Jneill is correct, from August 2017 students who already have a degree will be eligible for tuition fee loans if they're doing a part-time STEM degree. This was first announced last year but it has only recently been confirmed, see here: http://www.parliament.uk/business/pu...07-21/HCWS117/

    The other (rather drastic) alternative is that you go abroad after finishing your Nursing degree. A number of European universities offer English-taught Engineering degrees. Germany is in my opinion the best place to go; no tuition fees, low cost of living and excellent engineering schools.
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    (Original post by Snufkin)
    The other (rather drastic) alternative is that you go abroad after finishing your Nursing degree. A number of European universities offer English-taught Engineering degrees. Germany is in my opinion the best place to go; no tuition fees, low cost of living and excellent engineering schools.
    Thanks for that! I was going to mention the European option too but thought it may get even more complicated by 2017/18... but I'll add Ireland into that mix anyway (not sure if there's a Foundation course though...).

    Also, I presume theike doesn't have Maths a-level hence why they are considering going via a Foundation year. But another option may be to self-teach A-level maths.

    OP do you have any science A-levels?
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    (Original post by jneill)
    Thanks. I was going to mention the European option too but thought it may get even more complicated by 2017/18... but I'll add Ireland into that mix anyway (not sure if there's a Foundation course though...).


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    Ireland again, heh. :lep: One assumes that if the OP has a Nursing degree he wouldn't need to do a foundation year? It might be worth self-studying a maths A level though.
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    Someone in my family did an undergraduate degree in psychology, then a masters, then because the NHS paid for nursing degrees she did an undergraduate nursing degree.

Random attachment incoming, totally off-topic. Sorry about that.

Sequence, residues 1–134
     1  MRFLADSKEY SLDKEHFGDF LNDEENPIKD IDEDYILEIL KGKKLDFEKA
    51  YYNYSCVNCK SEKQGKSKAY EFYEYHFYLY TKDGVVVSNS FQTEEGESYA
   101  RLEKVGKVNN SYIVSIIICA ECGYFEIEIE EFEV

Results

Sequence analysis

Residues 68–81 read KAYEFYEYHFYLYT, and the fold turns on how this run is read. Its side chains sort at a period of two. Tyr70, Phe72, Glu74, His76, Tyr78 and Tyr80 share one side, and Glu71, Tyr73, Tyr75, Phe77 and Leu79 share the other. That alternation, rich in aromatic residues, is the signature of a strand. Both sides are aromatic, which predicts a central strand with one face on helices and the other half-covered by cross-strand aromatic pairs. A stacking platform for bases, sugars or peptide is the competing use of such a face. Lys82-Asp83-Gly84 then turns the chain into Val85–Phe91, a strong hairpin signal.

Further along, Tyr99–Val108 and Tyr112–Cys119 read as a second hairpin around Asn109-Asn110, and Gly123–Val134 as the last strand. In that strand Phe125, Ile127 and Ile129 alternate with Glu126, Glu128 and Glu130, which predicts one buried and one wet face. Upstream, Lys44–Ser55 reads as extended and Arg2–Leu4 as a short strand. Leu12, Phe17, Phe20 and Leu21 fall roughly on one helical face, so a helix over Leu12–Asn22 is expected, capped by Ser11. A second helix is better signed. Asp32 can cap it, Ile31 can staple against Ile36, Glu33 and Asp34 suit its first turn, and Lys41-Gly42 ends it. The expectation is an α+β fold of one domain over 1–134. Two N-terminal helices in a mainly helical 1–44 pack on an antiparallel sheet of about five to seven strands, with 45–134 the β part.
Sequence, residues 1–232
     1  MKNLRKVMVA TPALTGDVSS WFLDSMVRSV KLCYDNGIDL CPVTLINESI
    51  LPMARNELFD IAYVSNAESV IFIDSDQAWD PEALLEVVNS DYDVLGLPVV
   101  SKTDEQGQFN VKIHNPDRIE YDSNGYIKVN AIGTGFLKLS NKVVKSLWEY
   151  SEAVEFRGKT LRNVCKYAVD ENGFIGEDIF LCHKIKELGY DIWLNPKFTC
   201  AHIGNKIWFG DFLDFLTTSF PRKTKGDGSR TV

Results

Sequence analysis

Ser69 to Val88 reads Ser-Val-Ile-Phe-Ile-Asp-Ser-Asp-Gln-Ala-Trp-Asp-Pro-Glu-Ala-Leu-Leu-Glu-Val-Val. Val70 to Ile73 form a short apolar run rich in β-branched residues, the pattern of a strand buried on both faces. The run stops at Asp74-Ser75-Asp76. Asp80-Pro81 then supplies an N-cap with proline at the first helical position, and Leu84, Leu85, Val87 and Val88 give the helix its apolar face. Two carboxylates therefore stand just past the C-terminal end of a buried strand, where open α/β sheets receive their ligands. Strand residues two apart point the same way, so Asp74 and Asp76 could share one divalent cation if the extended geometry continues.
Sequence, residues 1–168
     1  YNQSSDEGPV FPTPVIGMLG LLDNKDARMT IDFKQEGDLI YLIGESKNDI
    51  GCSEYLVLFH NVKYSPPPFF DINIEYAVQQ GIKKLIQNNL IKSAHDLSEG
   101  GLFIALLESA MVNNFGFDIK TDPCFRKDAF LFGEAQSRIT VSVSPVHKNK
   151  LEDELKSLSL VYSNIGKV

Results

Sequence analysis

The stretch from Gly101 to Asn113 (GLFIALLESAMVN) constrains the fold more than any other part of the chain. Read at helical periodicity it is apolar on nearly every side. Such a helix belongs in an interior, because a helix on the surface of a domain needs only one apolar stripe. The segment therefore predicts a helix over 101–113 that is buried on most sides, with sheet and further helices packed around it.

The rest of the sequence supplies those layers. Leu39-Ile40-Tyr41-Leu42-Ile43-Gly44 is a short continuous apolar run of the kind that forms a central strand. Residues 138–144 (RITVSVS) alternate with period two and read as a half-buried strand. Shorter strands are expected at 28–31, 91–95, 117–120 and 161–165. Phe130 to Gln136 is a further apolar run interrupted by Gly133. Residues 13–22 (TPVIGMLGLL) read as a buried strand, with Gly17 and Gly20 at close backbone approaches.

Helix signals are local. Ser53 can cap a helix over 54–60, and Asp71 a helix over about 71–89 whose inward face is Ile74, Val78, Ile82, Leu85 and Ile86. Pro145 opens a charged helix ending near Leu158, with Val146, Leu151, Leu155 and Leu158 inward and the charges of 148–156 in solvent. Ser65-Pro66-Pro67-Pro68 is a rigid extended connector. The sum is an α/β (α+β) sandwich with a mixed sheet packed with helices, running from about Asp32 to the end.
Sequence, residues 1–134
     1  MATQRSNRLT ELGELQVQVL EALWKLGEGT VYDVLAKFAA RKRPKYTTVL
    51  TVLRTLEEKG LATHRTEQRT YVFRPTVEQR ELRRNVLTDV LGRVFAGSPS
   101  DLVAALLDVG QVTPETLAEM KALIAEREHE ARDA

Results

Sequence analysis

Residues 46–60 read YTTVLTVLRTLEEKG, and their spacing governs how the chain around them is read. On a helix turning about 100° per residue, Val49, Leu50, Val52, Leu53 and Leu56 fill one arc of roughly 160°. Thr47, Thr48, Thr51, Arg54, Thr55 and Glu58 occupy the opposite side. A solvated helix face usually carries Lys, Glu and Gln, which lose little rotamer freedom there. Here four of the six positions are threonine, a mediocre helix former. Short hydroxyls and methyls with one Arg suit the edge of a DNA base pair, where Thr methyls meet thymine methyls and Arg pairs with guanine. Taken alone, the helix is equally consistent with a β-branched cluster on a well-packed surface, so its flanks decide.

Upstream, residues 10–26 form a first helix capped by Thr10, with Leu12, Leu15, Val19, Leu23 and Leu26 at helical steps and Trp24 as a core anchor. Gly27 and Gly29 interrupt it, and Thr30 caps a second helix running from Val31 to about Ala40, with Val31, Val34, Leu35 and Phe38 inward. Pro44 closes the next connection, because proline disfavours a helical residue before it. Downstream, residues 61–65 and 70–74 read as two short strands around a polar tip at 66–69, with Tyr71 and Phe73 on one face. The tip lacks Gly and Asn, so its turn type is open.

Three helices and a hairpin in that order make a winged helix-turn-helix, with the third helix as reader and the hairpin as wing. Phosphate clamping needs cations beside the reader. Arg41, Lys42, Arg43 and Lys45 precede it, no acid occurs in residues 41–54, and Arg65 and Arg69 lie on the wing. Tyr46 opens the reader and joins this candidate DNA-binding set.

She didn't pay for anything herself and graduated last year with her third degree.

    Because you would've gotten on the nursing degree before the changes this year (in which the degree becomes the same as other degrees with student loans in the same way), I think you should be entitled to 4 years of funding (this is what Student Finance gives everyone).

    I'm not sure they understand that your degree is different to other degrees because of the NHS (it's only changing this year in September 2016 for new students).

    The people at Student Finance can be...annoying though. So they probably won't listen and won't give it to you, you may need to pay for the first year but you need to make sure before you drop out that you'll get a student loan for the other years and that you'll actually get on a course somewhere. There's no point in dropping out

    Also, you DON'T necessarily need an undergraduate engineering degree to do a masters degree, a lot of engineering masters degrees that aren't integrated are actually MSc (not MEng) as they're considered professional degrees for people already in industry. If you contact a university though they'll probably let you on if you explain that you want a career change, it's just getting some work experience that you'll probably find difficult for your thesis, then getting work afterwards.

    What sort of engineering did you want to do? Electrical/Electronic, Mechanical, Civil?
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    (Original post by catinsomehat)
    Someone in my family did an undergraduate degree in psychology, then a masters, then because the NHS paid for nursing degrees she did an undergraduate nursing degree.
    She didn't pay for anything herself and graduated last year with her third degree.

    Because you would've gotten on the nursing degree before the changes this year (in which the degree becomes the same as other degrees with student loans in the same way), I think you should be entitled to 4 years of funding (this is what Student Finance gives everyone).

    I'm not sure they understand that your degree is different to other degrees because of the NHS (it's only changing this year in September 2016 for new students).
    Nope, this is unfortunately not the case (see my above post). It doesn't matter if it is an NHS degree, it still counts as previous study.